Please forgive me if I rage on social media about this.

I love creators of all sizes when it comes to TTRPGs. It’s been my hobby and joy for 40+ years. I dream of having publishing credentials in the RPG field. I’ve only been on this quest since I was a starry-eyed nerd in a small Iowa town with my gaming books and legal pads.

I recently saw someone who used to work for Wizards of the Coast and is now in a similar position for another creator talking mad crap about us “casual hobbyists.” I won’t name and shame on my blog. Needless to say, I’m pissed.

Okay, I’m not working for Matt Colville or Matt Mercer. It doesn’t mean I’m not important. It doesn’t make me less of a creator. It sure as Hell doesn’t mean professionals are any better than the rest of us.

Yes, please be proud of your own accomplishments. Yes, love yourself. I never begrudge anyone for doing well. Don’t we all want to do what we love all day? Don’t we ALL want joy in our lives?

But, don’t shit all over the “hobbyists” who buy those products y’all produce. Don’t tread on the people who got you where are are today. And stop treating anyone trying to break into the industry as competition. There’s enough room for us all.

End rant for now. I’ll say it again when it comes to gatekeeping: Just. F*ckin. DON’T!!!

Thank you for hearing me out. I appreciate you being here. Game on. More tomorrow.

Old Guys Still Get a Bad Rep.

Do what lights you up. Spend energy, money, and time toward people and things you love. Life is too short to waste it on hating things. Ultimately it doesn’t accomplish much of anything.

Change doesn’t happen overnight.

Some of us have been around long enough to know this, especially in the tabletop roleplaying game sphere. I know a lot of us are looked upon by the younger gaming crowd suspiciously, questionably, even with disdain sometimes. The term “Old Grognard” has become akin to an unfortunate stereotype on social media.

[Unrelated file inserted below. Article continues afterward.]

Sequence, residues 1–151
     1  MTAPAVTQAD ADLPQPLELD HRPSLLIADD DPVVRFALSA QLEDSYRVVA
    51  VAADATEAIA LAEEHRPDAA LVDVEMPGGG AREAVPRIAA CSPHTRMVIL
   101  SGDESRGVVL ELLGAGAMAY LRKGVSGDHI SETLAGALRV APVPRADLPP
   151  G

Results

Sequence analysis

I mean, I have a kind of a thick skin when it comes to social media and the internet having been a veteran of many flame wars and troll battles. My recommendation is- Don’t feed the trolls. Disengage. Delete. Ignore. But when it comes someone disparaging all of us OGs (*Old Gamers,) I feel compelled to say something.

Diversity and inclusion have to extend both ways, or at least an attempt needs to be made.

Look, I get that some of us “old” codgers need some encouragement to give up our old, tired ways and long held beliefs. Up until about seven years ago, I was a straight-up ass at times. I’ve said my share of absolutely dumb, hateful, regrettable things in my time. Many of them were unintentional. Still, there are regrets.

The important lessons here are that I’ve learned from years of mistakes. I’m honestly not a racist, homophobic, transphobic arse. I never have been. I don’t hang with Nazis. I have a pretty diverse number of friends from all over the place. Honest, as long as you’re not a hater, we can probably find common ground.

I get it. Old cishet white guys have made a mess of things.

And yet somehow we keep putting them in charge of the United States. (Don’t get me going…) I can’t fix them or their actions any more than I can change the color of my skin. All I can do is the best I can and try to teach my children to do the same.

The same applies in the sphere of TTRPGs as well as many other things in life. It’s not my place to apologize for what others have done. I can’t learn their lessons in life for them. Just like I can’t create world peace by unifying the world under one Creator/Source/Universe or set of divine principles. That’s why it’s called “free will.”

What I can do is a whole different matter.

I love life. And the day I really embraced the notion that ultimately we are all linked together cosmically changed me. My Higher Self knew this. I just had to remember it. (*This is me speaking from the heart. No, I’m not in some New Age Cult or anything.) Here’s the number one message I have for anyone who feels the need to try to influence the behaviors of others by cramming politics, religion, or hate down their throats- DON’T!